This analysis is not intended as an attack on these clubs, they have done well to find themselves in the positions they are in, however, being realistic, would either of them be in a position to qualify for the last 16 had they been drawn into another group? Unlikely, could anyone realistically see Porto or Ajax qualifying had they been drawn into Group B alongside two of Barcelona, Inter Milan or Tottenham? Or into Group C with two of Liverpool, Napoli and PSG? Their chances would have been very slim.

The Champions League first expanded to an eight groups of four teams and 32 team format in the 1999-00 season. The evidence of how the competition is now a closed shop for anyone outside of the Big Five is compelling.

For three seasons between 1999-00 and 2001-02, five teams from outside the Big Five made it through to the last 16. In sixteen completed editions of the tournament from the 2002-03 season to 2017-18 season, in only two other seasons have five teams from outside the Big Five managed to reach the last 16 (2011-12 and 2015-16).

Furthermore, any teams from outside the Big Five who do reach the last 16 are likely to go no further and will likely be on the end of a thrashing by one of the elite clubs. Case in point, Liverpool beating Porto 5-0 and Bayern thrashing Besiktas 8-1 on aggregate respectively in the last 16 of last season’s competition. Sadly, they are simply there to make up the numbers.

The Europa League’s closing door

Once proudly lauded unpredictable second tier UEFA Cup/Europa League is being dominated by the Big Five. In the eight seasons from 2002-03 onwards, seven different clubs (Porto, Valencia, CSKA Moscow, Sevilla, Zenit, Shakhtar and Atletico Madrid) from four different countries (Spain, Portugal, Russia and Ukraine) won the competition.

From 2011-12 to 2017-18, five different clubs (Porto, Atletico, Chelsea, Sevilla and Manchester United) from three different countries (Portugal, Spain and England) won the competition. It is also worth noting that of the last five clubs in this eight year cycle that won the competition, Chelsea, Sevilla and Atletico won the competition after finishing 3rd in their Champions League group and thus dropping into the Europa League.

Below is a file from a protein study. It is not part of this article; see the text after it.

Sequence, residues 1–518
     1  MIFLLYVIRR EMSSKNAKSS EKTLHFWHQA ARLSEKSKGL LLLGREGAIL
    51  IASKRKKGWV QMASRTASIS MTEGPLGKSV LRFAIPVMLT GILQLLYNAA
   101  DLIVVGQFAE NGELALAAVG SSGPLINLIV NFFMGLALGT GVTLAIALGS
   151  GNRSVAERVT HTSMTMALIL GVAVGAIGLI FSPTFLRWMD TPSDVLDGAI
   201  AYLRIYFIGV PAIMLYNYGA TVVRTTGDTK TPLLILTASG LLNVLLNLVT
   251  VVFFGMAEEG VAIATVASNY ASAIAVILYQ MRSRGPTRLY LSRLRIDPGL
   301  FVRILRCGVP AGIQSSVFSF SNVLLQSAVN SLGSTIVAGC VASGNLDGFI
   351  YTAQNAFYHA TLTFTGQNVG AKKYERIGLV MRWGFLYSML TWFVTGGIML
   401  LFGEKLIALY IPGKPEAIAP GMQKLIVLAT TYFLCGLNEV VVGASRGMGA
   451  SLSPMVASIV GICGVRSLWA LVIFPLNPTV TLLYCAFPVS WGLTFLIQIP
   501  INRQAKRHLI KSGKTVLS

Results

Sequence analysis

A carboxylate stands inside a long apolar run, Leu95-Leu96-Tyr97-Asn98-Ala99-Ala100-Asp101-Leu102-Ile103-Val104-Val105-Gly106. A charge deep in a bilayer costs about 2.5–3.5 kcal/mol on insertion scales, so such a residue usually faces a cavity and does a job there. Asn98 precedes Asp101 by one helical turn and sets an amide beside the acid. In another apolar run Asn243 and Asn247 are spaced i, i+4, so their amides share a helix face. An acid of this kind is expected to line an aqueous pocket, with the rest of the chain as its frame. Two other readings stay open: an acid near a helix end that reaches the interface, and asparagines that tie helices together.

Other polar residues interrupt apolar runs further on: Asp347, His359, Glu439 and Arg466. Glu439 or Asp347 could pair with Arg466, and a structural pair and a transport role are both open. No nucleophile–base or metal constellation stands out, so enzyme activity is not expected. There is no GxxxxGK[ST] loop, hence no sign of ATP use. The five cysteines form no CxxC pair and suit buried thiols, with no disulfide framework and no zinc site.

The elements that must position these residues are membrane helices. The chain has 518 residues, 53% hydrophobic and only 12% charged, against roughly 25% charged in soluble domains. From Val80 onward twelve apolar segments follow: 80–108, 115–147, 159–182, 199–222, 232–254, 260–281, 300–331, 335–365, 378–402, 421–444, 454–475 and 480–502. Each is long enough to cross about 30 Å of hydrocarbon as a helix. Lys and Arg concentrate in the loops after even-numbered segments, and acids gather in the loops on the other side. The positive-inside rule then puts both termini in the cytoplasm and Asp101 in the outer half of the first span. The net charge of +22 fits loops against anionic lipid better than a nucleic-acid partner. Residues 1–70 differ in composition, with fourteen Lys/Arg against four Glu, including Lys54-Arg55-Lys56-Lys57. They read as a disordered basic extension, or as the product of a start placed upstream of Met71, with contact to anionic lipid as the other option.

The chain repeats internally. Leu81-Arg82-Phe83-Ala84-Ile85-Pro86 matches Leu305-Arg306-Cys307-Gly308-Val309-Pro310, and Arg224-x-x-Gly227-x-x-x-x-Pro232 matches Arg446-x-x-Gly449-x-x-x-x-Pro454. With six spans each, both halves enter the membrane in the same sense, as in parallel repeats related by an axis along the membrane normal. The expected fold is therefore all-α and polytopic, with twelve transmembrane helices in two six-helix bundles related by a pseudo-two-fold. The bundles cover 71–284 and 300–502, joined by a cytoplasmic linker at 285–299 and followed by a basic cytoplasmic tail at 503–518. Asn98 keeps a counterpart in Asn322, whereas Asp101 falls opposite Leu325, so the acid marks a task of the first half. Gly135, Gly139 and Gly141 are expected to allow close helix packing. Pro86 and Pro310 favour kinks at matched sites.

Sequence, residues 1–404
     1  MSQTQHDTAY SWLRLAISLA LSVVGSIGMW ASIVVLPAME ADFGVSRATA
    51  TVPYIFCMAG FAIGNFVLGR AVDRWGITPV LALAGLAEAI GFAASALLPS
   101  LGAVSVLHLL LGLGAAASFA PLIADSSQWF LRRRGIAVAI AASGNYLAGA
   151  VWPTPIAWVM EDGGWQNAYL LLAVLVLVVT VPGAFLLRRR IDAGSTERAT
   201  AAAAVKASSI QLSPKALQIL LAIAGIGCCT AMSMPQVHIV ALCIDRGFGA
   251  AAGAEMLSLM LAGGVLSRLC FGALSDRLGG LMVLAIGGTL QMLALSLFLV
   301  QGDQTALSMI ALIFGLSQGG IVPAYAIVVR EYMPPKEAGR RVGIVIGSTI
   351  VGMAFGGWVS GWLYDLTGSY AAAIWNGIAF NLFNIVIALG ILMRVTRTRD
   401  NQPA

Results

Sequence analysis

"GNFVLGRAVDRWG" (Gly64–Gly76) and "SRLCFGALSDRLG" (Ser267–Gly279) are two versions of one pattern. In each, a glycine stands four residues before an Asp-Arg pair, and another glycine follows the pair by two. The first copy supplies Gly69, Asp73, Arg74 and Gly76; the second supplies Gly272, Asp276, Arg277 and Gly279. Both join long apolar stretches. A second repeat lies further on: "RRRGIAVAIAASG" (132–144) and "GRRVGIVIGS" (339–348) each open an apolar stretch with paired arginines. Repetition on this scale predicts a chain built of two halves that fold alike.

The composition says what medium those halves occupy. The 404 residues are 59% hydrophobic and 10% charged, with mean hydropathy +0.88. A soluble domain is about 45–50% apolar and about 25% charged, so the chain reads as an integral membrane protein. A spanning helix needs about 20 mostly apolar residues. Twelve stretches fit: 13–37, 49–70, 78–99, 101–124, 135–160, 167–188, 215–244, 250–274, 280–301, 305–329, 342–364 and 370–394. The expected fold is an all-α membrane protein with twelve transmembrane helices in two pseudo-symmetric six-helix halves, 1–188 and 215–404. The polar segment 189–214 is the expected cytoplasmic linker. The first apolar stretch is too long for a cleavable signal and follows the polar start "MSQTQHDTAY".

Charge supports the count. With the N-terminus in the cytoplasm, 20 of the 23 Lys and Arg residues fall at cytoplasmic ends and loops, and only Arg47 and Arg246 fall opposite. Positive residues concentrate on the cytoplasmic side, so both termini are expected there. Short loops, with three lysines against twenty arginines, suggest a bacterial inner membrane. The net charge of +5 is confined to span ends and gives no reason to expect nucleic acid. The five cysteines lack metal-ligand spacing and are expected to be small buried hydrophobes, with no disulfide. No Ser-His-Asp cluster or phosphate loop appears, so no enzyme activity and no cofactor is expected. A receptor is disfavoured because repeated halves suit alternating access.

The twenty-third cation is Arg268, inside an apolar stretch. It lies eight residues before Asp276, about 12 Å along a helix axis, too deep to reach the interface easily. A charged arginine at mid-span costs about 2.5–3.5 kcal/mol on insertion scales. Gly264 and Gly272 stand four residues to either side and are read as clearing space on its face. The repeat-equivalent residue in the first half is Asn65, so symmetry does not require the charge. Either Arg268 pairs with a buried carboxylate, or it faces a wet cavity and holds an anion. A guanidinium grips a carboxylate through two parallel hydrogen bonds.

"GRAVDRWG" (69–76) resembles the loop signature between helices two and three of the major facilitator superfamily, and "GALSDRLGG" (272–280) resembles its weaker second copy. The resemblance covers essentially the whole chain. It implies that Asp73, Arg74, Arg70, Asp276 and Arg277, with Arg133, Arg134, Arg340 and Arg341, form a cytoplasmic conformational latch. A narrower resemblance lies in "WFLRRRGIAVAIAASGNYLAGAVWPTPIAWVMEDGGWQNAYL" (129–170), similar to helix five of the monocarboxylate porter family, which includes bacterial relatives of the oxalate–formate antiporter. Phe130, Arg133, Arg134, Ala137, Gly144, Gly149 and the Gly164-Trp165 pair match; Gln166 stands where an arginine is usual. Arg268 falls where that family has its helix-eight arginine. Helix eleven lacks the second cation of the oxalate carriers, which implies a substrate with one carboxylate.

One look at the Europa League this season so far and the presence of Chelsea, Arsenal, AC Milan, Lazio, RB Leipzig, Sevilla, Real Betis and Villarreal makes the chances of a winner of the competition from outside of the Big Five leagues unlikely.

Bear in mind, this is before the Champions League dropouts enter the Europa League knockout rounds.

Amongst the dropouts from the Champions League include, one of PSG, Napoli or Liverpool, one of either Inter Milan or Tottenham, Valencia, and either Hoffenheim or Lyon. Therefore, a team from outside the Big Five to win the competition would likely have to beat three or possibly even four of the above mentioned teams over five rounds. Is it likely?

Perhaps beating one or two is a possibility, but three or four is highly unlikely. There is the possibility of having a run to the latter stages, but it may well require a fortunate draw. Even then, they are going to have to defeat a club of the stature of Arsenal, Chelsea or Sevilla over two legs at some point. Two words – good luck.

Porto defeated Braga in the 2011 Europa League final and like the Champions League, they are the last team from outside of the Big Five European leagues to win the competition. Based on the evidence above, this record may also last a while.

FC Porto’s victories in the 2004 Champions League final and 2011 Europa League finals are increasingly looking like high-mark moments in European football. The last time a team from outside of Europe’s Big Five leagues can triumph in either competition.

A combination of huge discrepancy in broadcasting deals, an inability to compete for transfers and an unappealing choice between embracing austerity or piling up huge debt via risk has made both UEFA’s club competitions closed shops for clubs outside of European football’s Big Five leagues.

Author Details

Richard Pike

Wigan Athletic season ticket holder, avid lover of the English Football League, other European football and taking in football matches on long weekend breaks in European cities